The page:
LAST WEEK, THE PRESIDENTS of nine major universities, including Harvard, Yale, and Stanford met at the Massachusetts Institute of Technology, along with provosts and professors, to discuss the situation of women in science. Their joint statement, which acknowledges that "barriers still exist" and solemnly pledges to work toward equity, is being hailed as a victory for women. But is this a triumph of gender justice or gender politics?
The new initiative is the offspring of the famous 1999 report in which MIT admitted that it had unwittingly practiced discrimination against women. That study, which made headlines nationwide, prompted the Ford Foundation to hand over $1 million for similar investigations at other schools.
The MIT study quickly became Exhibit A for those who believe that women are held down by systemic, pervasive, subtle discrimination. The evidence seemed compelling: Not only did the university admit guilt, but, as numerous commentators stressed, its conclusions were based on objective evidence such as discrepancies in pay and laboratory space—the kind of hard data you'd expect from MIT.
Unfortunately, none of this evidence is open to public scrutiny. The report had no numbers, only general assertions. MIT says that specific information on salaries, lab space, and committee assignments, not just for individuals but for men as a group and women as a group, must be kept confidential. Thus, no independent researcher may verify the results of an investigation that can hardly be called unbiased: The panel that conducted it was made up mostly of senior female professors whose charges of unequal treatment had prompted the inquiry.
"MIT has produced a political manifesto masquerading as science," wrote Judith Kleinfeld, a psychologist at the University of Alaska Fairbanks, in a critique released by the Independent Women's Forum in December 1999. On Monday, the Women's Forum followed up with another report that demonstrates that the senior women in MIT's biology department, however distinguished in their field, did not quite measure up to their male colleagues in the number of publications, frequency of citation, or outside grants. (Among younger professors, men's and women's achievements were much more similar.) One possible explanation is that the women weren't as productive as the men because of discrimination. But it is also possible that some of the disparities in salary and resources were based on merit, not gender.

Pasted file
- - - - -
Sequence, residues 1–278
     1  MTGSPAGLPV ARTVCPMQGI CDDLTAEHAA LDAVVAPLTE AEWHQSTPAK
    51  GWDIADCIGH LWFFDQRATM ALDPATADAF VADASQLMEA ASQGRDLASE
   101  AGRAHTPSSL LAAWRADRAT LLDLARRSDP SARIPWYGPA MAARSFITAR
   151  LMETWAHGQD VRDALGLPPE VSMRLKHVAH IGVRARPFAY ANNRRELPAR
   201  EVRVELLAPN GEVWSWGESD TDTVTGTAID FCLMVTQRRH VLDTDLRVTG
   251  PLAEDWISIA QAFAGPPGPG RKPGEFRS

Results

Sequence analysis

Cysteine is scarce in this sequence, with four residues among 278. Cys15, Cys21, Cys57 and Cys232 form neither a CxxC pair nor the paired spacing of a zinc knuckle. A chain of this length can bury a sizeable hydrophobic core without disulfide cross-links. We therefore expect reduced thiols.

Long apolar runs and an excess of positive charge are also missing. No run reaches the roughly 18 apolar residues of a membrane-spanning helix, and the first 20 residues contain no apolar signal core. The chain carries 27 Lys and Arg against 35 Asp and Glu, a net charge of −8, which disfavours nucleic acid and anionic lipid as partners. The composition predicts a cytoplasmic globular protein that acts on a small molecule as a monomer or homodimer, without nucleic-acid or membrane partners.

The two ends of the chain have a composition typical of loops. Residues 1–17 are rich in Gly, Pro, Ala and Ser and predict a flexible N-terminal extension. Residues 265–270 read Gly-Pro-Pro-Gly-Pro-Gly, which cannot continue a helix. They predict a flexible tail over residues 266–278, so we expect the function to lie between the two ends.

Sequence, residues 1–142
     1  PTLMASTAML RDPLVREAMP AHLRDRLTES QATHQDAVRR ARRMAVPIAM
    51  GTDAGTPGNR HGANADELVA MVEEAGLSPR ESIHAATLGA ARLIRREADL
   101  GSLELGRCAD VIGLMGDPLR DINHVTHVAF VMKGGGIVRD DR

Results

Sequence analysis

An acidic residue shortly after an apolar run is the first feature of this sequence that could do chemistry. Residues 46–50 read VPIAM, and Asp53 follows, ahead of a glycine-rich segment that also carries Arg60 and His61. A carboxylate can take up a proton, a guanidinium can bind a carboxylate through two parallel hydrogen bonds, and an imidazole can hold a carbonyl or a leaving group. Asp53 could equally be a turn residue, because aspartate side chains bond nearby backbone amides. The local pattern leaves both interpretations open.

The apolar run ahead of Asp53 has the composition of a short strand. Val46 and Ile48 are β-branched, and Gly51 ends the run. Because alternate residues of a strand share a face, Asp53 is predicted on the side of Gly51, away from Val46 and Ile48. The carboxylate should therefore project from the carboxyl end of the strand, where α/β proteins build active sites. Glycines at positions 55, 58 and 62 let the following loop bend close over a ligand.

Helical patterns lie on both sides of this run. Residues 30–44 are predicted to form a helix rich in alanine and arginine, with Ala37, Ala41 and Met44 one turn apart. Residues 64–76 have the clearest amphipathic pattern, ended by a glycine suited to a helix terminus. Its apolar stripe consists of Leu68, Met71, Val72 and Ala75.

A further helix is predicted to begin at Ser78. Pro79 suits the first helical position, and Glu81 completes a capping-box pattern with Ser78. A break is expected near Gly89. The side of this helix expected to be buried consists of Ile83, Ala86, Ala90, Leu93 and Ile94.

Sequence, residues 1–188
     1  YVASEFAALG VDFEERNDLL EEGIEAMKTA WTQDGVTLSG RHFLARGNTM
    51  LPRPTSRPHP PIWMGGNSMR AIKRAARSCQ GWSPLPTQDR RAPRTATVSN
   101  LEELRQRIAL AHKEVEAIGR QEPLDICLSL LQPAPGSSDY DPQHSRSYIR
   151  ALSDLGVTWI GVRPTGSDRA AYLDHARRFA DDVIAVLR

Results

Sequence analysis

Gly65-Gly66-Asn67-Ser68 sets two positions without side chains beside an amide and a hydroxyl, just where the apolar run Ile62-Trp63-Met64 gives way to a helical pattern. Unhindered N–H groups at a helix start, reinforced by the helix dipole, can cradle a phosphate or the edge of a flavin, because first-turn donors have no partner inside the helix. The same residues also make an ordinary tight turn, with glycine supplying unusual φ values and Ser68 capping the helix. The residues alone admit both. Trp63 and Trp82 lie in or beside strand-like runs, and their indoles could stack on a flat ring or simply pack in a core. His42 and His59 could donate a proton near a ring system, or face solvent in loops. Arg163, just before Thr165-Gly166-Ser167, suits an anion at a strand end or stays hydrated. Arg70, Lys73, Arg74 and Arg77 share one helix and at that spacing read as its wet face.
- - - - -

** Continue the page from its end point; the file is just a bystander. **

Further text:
Do critics of the MIT report have a political agenda? Yes, the Independent Women's Forum is a right-of-center group that takes a skeptical attitude toward claims of women's oppression and, in my view, overemphasizes the role of biological differences in shaping the choices and interests of men and women. But the champions of the report clearly have an agenda as well and are often unreasonably dogmatic in their assertion that in the absence of bias, men and women would be equally represented at every level in every field. And the Women's Forum, at least, provides publicly available data to support its conclusions.
The new statement from nine universities does little to clear up matters. It makes vague statements about "problems" and promises vague solutions.
After the statement was issued, I contacted about a dozen women scientists at the schools involved in the initiative. In this admittedly unscientific survey, the majority of women said they had never felt mistreated or marginalized because of their gender. A few, including Harvard biologist Joan Brugge, said that if anything, senior women in science often face inordinate demands on their time because of the pressure to include women on various high-level committees.
Some female professors who felt that there were difficulties for women in science conceded that the problems were often "fuzzy" and subjective. "Most academics seem to feel they're getting a raw deal," said California Institute of Technology astronomer Pamela Bjorkman.
Is there anything wrong with trying to make things better for women? For one, some goals of the equity initiative are, at least in the near future, quite unrealistic—for instance, a faculty that reflects the makeup of the student body. Even today, only a quarter of doctorates in the physical sciences go to women.
Some women such as Janice Jenkins, a professor of biomedical engineering at the University of Michigan, worry that well-intentioned efforts to help women can be patronizing. The implication is that women need not only preferential hiring but special sensitivity to ensure that they feel "comfortable."
For centuries, women who chose a career in science struggled not only for basic respect but for equal opportunity to pursue their vocation. To suggest that women need special privileges is an insult to their battles.